• 7.

    LöllgenRMHessmanOSzaboE. Chromosome 18 deletions are common events in classical midgut carcinoid tumors. Int J Cancer2001;92:812815.

    • Search Google Scholar
    • Export Citation
  • 8.

    AmatoEBarbiSMalpeliG. Chromosome 3p alterations in pancreatic endocrine neoplasia. Virchows Arch2011;458:3945.

  • 9.

    NaganoYKimDHZhangL. Allelic alterations in pancreatic endocrine tumors identified by genome-wide single nucleotide polymorphism analysis. Endocr Relat Cancer2007;14:483492.

    • Search Google Scholar
    • Export Citation
  • 10.

    ObergK. Genetics and molecular pathology of neuroendocrine gastrointestinal and pancreatic tumors (gastroenteropancreatic neuroendocrine tumors). Curr Opin Endocrinol Diabetes Obes2009;16:7278.

    • Search Google Scholar
    • Export Citation
  • 11.

    XavierSRosaBCotterJ. Small bowel neuroendocrine tumors: from pathophysiology to clinical approach. World J Gastrointest Pathophysiol2016;7:117124.

    • Search Google Scholar
    • Export Citation
  • 12.

    ChandrasekharappaSCGuruSCManickamP. Positional cloning of the gene for multiple endocrine neoplasia-type 1. Science1997;276:404407.

  • 13.

    CorboVDalaiIScardoniM. MEN1 in pancreatic endocrine tumors: analysis of gene and protein status in 169 sporadic neoplasms reveals alterations in the vast majority of cases. Endocr Relat Cancer2010;17:771783.

    • Search Google Scholar
    • Export Citation
  • 14.

    JiaoYShiCEdilBH. DAXX/ATRX, MEN1, and mTOR pathway genes are frequently altered in pancreatic neuroendocrine tumors. Science2011;331:11991203.

    • Search Google Scholar
    • Export Citation
  • 15.

    RajNPSoumeraiTValentinoE. Next-generation sequencing (NGS) in advanced well differentiated pancreatic neuroendocrine tumors (WD pNETs): a study using MSK-IMPACT [abstract]. J Clin Oncol2016;34(Suppl):Abstract e15661.

    • Search Google Scholar
    • Export Citation
  • 16.

    ScarpaAChangDKNonesK. Whole-genome landscape of pancreatic neuroendocrine tumours. Nature2017;543:6571.

  • 17.

    MurphyDAElyHAShoemakerR. Detecting gene rearrangements in patient populations through a 2-step diagnostic test comprised of rapid IHC enrichment followed by sensitive next-generation sequencing. Appl Immunohistochem Mol Morphol2017;25:513523.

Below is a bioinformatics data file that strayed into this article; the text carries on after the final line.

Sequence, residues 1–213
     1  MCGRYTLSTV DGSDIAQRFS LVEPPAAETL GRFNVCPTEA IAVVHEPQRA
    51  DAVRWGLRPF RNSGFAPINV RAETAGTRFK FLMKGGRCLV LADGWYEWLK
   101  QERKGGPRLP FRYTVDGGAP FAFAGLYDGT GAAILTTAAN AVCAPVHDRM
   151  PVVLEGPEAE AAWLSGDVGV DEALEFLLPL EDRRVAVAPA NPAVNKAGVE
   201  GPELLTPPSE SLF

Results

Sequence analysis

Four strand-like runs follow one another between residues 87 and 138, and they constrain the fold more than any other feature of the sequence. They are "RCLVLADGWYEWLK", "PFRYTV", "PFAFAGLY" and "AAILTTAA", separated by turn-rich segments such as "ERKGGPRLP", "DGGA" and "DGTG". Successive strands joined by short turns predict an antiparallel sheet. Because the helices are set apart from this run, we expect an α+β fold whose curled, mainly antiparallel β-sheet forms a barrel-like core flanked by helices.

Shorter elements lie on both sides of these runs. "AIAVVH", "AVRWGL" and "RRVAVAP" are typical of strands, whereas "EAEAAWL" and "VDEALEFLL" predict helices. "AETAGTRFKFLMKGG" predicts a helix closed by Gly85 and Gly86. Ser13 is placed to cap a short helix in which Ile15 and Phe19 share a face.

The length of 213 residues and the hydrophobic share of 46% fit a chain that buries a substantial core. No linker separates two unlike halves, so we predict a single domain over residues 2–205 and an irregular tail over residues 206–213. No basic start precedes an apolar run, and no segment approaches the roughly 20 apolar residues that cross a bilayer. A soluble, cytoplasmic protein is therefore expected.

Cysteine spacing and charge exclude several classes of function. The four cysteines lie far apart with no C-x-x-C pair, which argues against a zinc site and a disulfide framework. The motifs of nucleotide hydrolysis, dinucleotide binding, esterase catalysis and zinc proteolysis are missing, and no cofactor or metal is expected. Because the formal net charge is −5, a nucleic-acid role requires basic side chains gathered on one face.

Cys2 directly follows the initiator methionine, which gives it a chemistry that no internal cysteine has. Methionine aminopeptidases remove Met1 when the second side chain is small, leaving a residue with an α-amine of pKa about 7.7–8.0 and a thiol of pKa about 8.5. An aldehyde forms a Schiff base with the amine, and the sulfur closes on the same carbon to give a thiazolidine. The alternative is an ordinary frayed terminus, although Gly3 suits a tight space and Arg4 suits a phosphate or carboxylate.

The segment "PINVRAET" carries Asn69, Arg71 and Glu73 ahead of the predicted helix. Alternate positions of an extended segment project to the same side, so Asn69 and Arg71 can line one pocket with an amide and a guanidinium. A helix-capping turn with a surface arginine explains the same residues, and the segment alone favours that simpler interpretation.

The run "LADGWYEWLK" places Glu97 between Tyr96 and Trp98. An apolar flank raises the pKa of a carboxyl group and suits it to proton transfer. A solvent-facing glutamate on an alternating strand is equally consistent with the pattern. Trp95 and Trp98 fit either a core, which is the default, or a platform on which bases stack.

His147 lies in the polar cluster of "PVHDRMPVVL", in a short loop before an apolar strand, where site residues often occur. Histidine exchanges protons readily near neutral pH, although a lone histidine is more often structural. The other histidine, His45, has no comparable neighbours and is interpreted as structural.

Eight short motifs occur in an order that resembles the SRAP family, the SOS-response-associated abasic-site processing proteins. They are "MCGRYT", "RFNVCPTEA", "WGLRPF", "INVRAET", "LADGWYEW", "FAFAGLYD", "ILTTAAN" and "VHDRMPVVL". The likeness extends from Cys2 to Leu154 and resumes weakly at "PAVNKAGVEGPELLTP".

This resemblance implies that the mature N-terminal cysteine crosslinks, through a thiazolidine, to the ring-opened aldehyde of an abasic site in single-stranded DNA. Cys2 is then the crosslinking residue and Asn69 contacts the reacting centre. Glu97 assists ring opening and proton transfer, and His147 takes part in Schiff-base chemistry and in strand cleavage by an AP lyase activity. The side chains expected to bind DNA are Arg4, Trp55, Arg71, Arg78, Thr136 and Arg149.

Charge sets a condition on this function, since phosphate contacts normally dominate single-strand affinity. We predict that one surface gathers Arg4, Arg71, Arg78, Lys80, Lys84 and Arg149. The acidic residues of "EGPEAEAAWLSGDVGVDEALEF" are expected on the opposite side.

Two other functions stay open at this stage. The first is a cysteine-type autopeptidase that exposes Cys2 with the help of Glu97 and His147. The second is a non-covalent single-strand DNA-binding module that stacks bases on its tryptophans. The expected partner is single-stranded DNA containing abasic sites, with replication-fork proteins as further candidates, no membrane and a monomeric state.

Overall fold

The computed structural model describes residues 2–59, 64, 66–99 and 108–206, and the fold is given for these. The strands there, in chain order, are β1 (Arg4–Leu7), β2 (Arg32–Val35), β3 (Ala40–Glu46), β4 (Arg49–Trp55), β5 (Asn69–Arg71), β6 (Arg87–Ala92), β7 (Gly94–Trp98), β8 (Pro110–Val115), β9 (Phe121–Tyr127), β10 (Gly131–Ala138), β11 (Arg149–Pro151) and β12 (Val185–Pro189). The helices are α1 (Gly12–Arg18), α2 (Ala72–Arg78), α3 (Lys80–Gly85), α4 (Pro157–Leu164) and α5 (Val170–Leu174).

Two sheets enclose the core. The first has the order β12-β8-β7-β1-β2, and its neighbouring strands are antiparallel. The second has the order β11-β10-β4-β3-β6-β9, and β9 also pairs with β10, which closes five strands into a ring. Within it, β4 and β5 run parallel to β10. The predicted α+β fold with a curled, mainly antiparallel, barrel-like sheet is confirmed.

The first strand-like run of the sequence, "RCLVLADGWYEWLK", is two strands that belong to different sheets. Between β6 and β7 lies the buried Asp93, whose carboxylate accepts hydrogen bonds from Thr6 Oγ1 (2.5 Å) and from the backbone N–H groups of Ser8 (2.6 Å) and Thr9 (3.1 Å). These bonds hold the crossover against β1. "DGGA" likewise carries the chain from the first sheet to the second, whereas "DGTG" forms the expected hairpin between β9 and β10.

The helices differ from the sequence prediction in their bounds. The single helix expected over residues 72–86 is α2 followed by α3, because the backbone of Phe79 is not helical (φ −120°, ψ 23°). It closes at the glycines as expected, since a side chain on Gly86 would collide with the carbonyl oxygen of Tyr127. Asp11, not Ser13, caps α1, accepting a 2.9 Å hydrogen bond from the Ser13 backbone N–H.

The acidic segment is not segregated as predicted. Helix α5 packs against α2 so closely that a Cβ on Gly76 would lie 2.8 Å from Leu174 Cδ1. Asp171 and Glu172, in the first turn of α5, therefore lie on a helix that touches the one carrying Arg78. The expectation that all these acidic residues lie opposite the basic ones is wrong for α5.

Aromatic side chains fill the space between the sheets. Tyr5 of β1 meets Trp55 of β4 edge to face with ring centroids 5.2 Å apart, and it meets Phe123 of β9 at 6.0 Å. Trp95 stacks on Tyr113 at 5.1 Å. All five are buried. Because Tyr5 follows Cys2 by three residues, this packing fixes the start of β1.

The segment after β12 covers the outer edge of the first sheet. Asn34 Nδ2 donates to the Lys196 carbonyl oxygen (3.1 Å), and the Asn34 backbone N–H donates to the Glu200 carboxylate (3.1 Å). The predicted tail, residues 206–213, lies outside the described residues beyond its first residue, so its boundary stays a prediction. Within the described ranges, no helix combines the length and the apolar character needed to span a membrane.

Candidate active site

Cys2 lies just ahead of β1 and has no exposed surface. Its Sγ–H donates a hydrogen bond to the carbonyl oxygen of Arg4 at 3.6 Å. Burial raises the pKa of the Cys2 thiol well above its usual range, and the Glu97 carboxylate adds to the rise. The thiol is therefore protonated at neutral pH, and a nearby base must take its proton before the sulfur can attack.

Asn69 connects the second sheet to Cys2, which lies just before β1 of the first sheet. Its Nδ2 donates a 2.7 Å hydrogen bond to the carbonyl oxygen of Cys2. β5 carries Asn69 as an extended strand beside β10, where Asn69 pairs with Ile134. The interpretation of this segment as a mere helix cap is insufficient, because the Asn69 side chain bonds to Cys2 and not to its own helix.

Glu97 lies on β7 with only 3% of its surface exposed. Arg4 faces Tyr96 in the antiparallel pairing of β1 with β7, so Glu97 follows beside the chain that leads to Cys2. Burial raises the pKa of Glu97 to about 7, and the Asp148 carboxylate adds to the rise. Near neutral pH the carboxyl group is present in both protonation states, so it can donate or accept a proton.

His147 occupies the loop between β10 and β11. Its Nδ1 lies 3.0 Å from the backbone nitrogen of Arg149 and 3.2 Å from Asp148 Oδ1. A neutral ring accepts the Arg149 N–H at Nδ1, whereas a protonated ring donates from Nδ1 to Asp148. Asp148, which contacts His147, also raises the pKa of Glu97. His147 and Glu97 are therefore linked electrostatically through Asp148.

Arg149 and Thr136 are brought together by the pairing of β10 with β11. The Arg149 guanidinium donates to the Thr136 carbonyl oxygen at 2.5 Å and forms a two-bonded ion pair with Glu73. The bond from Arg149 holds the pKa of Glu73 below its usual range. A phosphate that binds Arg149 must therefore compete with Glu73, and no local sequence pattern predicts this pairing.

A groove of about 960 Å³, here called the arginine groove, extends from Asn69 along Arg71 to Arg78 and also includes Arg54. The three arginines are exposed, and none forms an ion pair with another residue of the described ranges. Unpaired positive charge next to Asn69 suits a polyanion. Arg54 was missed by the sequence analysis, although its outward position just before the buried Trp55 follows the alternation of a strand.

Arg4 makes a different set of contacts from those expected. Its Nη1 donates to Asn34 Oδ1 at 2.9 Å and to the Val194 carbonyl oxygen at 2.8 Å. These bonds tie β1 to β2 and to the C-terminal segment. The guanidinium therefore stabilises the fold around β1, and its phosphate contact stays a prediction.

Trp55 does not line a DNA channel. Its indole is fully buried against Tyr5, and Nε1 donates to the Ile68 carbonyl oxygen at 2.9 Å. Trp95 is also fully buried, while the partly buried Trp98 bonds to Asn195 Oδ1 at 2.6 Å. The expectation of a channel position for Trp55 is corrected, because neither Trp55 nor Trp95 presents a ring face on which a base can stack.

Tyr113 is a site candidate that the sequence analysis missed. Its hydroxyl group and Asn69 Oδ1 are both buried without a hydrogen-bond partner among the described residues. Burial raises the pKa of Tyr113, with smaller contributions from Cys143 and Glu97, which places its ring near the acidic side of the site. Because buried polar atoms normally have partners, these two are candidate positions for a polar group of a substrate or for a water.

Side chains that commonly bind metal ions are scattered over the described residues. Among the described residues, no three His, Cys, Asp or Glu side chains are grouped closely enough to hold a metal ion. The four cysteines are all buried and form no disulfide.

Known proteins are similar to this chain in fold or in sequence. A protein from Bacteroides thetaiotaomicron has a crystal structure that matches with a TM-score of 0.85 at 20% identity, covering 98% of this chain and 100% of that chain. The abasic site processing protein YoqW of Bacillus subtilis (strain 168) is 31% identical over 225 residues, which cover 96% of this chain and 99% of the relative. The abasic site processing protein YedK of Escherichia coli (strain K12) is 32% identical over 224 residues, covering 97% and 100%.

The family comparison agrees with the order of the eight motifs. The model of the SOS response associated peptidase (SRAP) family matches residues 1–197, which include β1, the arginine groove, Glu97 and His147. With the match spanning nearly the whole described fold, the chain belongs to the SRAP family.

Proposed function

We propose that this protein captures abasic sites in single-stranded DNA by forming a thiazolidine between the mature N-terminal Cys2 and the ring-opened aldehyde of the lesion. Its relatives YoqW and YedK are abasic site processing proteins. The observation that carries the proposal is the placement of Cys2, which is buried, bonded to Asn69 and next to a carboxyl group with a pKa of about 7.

• Search Google Scholar
    • Export Citation
  • 18.

    HuangEJReichardtLF. Trk receptors: roles in neuronal signal transduction. Annu Rev Biochem2003;72:609642.

  • 19.

    VaishnaviALeATDoebeleRC. TRKing down an old oncogene in a new era of targeted therapy. Cancer Discov2015;5:2534.

  • 20.

    MeldrumCDoyleMATothillRW. Next-generation sequencing for cancer diagnostics: a practical perspective. Clin Biochem Rev2011;32:177195.

    • Search Google Scholar
    • Export Citation
  • 21.

    ZhengZLiebersMZhelyazkovaB. Anchored multiplex PCR for targeted next-generation sequencing. Net Med2014;20:14791484.

  • 22.

    DrilonADe BraudFGSienaS. Entrectinib, an oral pan-Trk, ROS1, and ALK inhibitor in TKI-naïve patients with advanced solid tumors harboring gene rearrangements: updated phase I results [abstract]. Cancer Res2016;76(14 Suppl):Abstract CT007.

    • Search Google Scholar
    • Export Citation
  • 23.

    ChoiH. Response evaluation of gastrointestinal stromal tumors. Oncologist2008;13(Suppl 2):47.

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Correspondence: Darren Sigal, MD, Division of Hematology/Oncology, Scripps Clinic, 10666 North Torrey Pines Road, MS312, La Jolla, CA 92037. E-mail: sigal.darren@scrippshealth.org

Article Sections

Figures

  • View in gallery

    (A) Coronal PET maximum intensity projection (MIP) image shows the bulkiest and most intensely hypermetabolic disease to correspond with bulky iliac lymphadenopathy, with a large left pelvic side-wall confluent mass. Multiple hypermetabolic liver lesions are visible, and innumerable lesions are seen throughout the skeleton. (B) MIP PET scan after 2 cycles of entrectinib shows improvement compared with the presentation study, with previously confluent bony disease clearly improved (compare right proximal femur) and decreased bulk and intensity of activity of bulky pelvic lymphadenopathy. The most intense activity now seen in the pelvis is the elongated bladder, deviated to the right.

  • View in gallery

    Metastatic well-differentiated neuroendocrine tumor, grade 1: (A) hematoxylin-eosin, original magnification x200; (B) synaptophysin immunostain, original magnification x100; (C) CDH17 immunostain, original magnification x100; and (D) Ki-67 labeling of 1.3% by immunohistochemistry (original magnification x200).

  • View in gallery

    (A) Octreoscan imaging at presentation (anterior [ant] and posterior [post], planar) also shows the widespread distribution of disease, demonstrating the extensive skeletal metastases and bulky pelvic lymphadenopathy. (B) Octreoscan (ant and post, planar) after 6 cycles of entrectinib shows significant burden of disease, including in the liver, bones, and pelvis, but significant improvement compared with the staging Octreoscan. The largest and most active foci corresponds with the bulky left pelvic sidewall and presacral masses.

  • View in gallery